Q. Will this entire episode damage the reputation of all Indian drug manufacturers in markets like the US? Will there be widespread suspicion on products coming out of India?
A. I don't think so. I think this was one particular company which was bent upon wrongdoing and it was held accountable for it. I don't think there is any data to paint this with a broad brush to say that there are other companies located in India or anywhere else that are taking the same kind of shortcuts and have data integrity issues that Ranbaxy had.
Q. The Indian authorities are now saying that they will be checking Ranbaxy's antecedents in India. There is obviously a question mark over the efficacy of the Indian drug regulation and you must have had time to look at this in some detail. Do you think there is a very big problem in the way India regulates its own drugs?
A. I read the same news which you did which is that the Indian drug regulator is now asking for documentation on Ranbaxy to find out whether there was wrongdoing according to Indian law. They have just began to look at it and it is really too early to comment on what they will find and will need to wait for the investigation to get complete.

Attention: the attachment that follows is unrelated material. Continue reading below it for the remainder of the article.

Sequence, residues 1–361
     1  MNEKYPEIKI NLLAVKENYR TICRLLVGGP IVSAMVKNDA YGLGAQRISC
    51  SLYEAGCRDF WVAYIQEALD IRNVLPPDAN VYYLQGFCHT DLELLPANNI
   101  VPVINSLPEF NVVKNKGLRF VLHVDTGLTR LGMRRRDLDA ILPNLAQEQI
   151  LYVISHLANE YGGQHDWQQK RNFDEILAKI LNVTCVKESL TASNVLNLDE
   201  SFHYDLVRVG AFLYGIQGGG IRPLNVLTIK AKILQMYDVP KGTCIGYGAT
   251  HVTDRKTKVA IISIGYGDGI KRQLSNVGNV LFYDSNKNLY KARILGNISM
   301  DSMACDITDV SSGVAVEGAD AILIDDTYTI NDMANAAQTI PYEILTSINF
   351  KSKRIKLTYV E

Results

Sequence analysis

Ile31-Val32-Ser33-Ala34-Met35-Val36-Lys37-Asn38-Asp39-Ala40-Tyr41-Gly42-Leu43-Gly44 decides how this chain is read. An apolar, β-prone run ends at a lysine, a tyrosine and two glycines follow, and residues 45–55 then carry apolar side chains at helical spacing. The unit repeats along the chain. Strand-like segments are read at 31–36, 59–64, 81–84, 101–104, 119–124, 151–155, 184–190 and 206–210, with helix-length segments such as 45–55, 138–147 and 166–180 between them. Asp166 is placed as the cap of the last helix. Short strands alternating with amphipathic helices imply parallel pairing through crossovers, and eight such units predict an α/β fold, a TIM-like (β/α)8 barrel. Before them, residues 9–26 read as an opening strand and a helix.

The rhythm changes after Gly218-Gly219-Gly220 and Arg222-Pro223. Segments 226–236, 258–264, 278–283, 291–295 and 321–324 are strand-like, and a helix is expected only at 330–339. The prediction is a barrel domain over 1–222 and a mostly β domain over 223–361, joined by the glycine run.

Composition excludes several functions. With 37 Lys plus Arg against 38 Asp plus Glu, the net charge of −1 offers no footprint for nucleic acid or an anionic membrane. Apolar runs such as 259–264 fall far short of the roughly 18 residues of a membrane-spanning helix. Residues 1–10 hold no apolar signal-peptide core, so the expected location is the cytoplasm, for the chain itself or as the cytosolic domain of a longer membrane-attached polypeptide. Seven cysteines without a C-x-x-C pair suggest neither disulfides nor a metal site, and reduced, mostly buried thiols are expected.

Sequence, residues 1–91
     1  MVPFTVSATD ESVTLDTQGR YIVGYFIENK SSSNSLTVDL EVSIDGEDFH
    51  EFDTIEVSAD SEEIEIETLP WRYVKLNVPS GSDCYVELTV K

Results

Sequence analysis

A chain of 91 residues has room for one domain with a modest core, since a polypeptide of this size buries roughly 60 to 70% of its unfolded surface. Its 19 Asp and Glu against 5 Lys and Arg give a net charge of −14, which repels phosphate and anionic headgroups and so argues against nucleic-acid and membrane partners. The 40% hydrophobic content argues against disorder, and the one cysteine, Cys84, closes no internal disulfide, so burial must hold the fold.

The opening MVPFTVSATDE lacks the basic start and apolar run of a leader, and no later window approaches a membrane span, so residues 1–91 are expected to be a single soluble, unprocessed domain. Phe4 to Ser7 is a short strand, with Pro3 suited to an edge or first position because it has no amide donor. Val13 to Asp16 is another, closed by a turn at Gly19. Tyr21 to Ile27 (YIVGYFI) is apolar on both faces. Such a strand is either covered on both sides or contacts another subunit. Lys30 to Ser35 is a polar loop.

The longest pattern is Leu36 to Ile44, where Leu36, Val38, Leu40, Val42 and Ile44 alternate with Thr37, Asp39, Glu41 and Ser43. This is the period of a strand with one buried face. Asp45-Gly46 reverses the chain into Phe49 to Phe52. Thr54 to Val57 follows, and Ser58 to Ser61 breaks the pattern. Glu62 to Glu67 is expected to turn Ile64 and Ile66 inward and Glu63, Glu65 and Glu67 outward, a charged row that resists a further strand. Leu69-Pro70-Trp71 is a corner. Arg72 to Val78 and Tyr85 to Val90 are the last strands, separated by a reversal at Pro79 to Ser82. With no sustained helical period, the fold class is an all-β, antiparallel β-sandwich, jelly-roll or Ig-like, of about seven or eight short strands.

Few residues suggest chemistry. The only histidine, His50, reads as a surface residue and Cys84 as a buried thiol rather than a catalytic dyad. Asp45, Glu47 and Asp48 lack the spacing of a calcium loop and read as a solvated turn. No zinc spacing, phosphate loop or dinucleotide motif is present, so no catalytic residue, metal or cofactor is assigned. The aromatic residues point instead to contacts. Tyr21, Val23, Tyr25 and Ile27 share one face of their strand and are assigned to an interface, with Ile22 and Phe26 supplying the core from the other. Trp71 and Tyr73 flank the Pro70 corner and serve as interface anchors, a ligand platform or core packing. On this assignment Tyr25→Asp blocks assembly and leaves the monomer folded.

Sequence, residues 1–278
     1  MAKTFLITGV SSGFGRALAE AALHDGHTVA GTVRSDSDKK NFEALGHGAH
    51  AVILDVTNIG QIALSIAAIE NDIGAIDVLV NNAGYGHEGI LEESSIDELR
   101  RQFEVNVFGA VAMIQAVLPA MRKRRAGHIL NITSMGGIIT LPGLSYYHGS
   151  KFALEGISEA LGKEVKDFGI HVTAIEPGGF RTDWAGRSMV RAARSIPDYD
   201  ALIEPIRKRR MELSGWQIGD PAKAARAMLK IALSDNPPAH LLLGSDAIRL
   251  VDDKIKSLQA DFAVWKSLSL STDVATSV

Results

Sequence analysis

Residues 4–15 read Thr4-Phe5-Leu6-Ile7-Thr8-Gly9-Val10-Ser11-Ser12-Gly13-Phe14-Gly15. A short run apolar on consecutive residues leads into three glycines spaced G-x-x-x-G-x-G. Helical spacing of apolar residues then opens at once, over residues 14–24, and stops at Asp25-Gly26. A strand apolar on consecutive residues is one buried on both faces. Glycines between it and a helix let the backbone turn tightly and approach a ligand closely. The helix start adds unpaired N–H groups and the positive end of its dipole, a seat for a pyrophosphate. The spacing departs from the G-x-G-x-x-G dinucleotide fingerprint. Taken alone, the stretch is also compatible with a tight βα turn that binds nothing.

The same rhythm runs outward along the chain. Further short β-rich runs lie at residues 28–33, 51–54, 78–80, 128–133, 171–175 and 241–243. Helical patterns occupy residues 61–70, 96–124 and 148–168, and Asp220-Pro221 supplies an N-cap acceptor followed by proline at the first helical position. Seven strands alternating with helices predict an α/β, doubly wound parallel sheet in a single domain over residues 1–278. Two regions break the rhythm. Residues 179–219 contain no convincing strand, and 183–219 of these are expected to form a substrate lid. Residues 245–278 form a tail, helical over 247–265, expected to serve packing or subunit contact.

Q. What about the concerns over the ease of availability of medicines in India? For instance, it is possible at times to get drugs even without proper prescription. The Ranbaxy case, therefore, might just be a sign of the problem that really needs fixing in India. Do you agree?
A. I think, generally, if you are talking as a conceptual point I would agree with you. But what I have learnt in these last nine years working with the FDA, which obviously has a much stronger regulatory framework and enforcement guidelines, I think there is certainly need for discussion on this topic in India precisely for the reasons that you have pointed out.
Q. Back again on Ranbaxy, it sounds like the previous owners of the company have got away and none of them has been held accountable for what is happening and Daiichi was more or less sold a lemon and it is embarrassed to admit it. It seems like a conspiracy of silence because neither side wants to really own up. What is your take on that?
A. It is difficult for me to comment on that. I left in 2005 and I have no visibility on what happened after 2005. All I can tell you is that when I got up this morning I saw a news article where Daiichi is saying that it is going to look into this matter.
Q. You came in from a company like Bristol-Myers Squibb. How would you compare the culture of the two companies?